Category Archives: Uncategorized

Amy Rankin

2009-2-1-amy-rankin

THE WORK AND THE ARTIST

Artist: Rankin, Amy                       

Title/Date: Rabbit, 2009

Description of the work:

Rabbit is a color etching by American artist Amy Rankin. The work depicts a human figure, probably a female figure, in a crouching position with both hands over the head. This figure wears a costume of a rabbit complete with rabbit feet and the face is uncovered by the lifting of the mask. The feature of the figure suggests a female looking downward. The figure is placed at the center of the composition which resembles an empty room divided by bands of yellow and purple.

The figure is the sole object within the composition, as well as the focal point. In terms of use of space, the composition does not give the viewer a sense of depth, Rankin uses light and shadow to create some dimensionality in a two-dimensional space. Rankin uses the complementary colors purple and yellow as a backdrop that is subordinate to the central figure. The top half of the composition where Rankin uses purple seems to utilize a heavier coat of paint in comparison to the lower half which uses yellow. The lower half uses a lighter coat of paint as one can see the brush strokes as well as the white of the material. The central and main figure is not depicted as a realistic interpretation of a human figure, rather a stylized version of one. Light and shadow are used but mainly in the lower leg areas part of the torso and the shadow of the figures in the yellow section. However, shadows are not represented near the arms or the face of the figure. The work gives the viewer the sense of turmoil or sadness. The fetal position of the figure, as well as the rosy cheeks of the figure suggest sadness.

Artist’s Biography:

Amy Rankin is an American artist from New Mexico. For more than 20 years, Rankin has worked in various disciplines that is reflected in her work. Some of these disciplines include printmaking, painting and drawing.  Her portfolio of work seem to suggest that she is interested in human form, as well as the raw emotion it produces. In her artist’s statement, Rankin says that every human being has a path. Fortunate humans find a path, as well as strength to continue till the end. Rankin tries to achieve a point where her ideas and imagery can come together to form a complete work. It is meant to be a reflection on the contemplation of life and its processes. This includes the process of growth, learning and change; she depicts both of this directly and metaphorically in her work. Rankin takes inspiration from material objects and living forms which allow her to use them as subtle metaphors as the subject matter for her compositions.  Although she has her own intention of ideas for her work to convey, ultimately, she leaves them up for interpretation from the audience.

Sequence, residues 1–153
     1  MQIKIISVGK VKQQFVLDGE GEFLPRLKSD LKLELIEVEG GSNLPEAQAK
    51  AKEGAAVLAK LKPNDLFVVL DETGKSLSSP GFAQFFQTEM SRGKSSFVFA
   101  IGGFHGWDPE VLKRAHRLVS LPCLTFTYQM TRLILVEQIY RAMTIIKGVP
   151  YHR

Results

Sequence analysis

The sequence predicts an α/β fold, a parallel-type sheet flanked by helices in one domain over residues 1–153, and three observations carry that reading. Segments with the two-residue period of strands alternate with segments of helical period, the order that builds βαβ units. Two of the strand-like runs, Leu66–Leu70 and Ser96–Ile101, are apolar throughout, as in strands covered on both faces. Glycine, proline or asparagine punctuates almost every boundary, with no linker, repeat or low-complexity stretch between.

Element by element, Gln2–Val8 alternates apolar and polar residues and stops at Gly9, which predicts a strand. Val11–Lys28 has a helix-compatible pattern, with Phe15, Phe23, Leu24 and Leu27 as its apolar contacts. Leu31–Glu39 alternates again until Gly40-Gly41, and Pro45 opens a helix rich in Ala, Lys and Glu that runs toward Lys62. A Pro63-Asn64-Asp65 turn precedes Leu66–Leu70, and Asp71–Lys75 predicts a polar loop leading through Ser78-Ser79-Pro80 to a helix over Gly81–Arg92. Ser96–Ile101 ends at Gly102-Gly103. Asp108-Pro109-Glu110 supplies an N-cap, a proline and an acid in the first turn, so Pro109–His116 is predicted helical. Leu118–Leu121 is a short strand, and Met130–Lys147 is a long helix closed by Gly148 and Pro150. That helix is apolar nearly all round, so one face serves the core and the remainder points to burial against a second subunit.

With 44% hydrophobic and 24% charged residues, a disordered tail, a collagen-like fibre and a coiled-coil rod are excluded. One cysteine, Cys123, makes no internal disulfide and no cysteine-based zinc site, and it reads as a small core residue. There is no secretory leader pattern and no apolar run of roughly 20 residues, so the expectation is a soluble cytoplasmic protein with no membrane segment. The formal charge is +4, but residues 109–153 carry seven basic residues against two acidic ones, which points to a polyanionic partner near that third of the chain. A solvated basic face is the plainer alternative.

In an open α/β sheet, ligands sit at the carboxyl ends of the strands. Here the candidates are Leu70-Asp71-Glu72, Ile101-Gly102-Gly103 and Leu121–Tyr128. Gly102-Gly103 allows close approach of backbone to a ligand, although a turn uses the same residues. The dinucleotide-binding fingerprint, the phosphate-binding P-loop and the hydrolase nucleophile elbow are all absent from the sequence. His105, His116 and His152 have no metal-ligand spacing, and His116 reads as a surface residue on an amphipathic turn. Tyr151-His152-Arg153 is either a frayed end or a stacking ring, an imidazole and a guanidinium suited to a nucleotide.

As a native New Mexican, Rankin currently lives in Taos, New Mexico.  However, she holds an MFA from New Mexico State University in Las Cruces. In an invitation for a 2013 Art Reception, sponsored by Pueblo Community College, Colorado, Rankin’s description states that she has been an instructor in the Art Department of The University of New Mexico in Taos since 2005. Currently, she is the coordinator of public programs, as well as Interim of visitor services and store manager at the Hardwood Museum of Art located in Taos, New Mexico.

FACTS          

Signed: etching of monogram of A R lower recto corner  

Date and dimension: frame size 9 ½” x 12 ½” sight size 9” x 12”; 2009                 

Medium: Copper and Solar etching

Accession # and Acquisition Date: 2009.02.01 Date: 2009

Condition: Framed, Excellent

Provenance and Exhibitions: Selections from the Permanent Collection, 09′ and 13′    

Framed or Flat: Framed

Current location: This piece is part of the University Art Gallery’s permanent collection at New Mexico State University

Bibliography:

-Judith Kendall webpage, Amy Rankin portfolio section http://www.judithkendall.com/artist_portfolio.php?ID=56 accessed 20 November 2016

-Hardwood Museum webpagehttp://www.harwoodmuseum.org/ accessed 20 November 2016

-Colorado State Fair 2013, http://i.saffireevent.com/files.ashx?t=fg&f=13fainsertweb.pdf&rid=ColoradoStateFair accessed 20 November 2016

Reproductions: N/A

Researched By: Jesus Zubia, 20 November 2016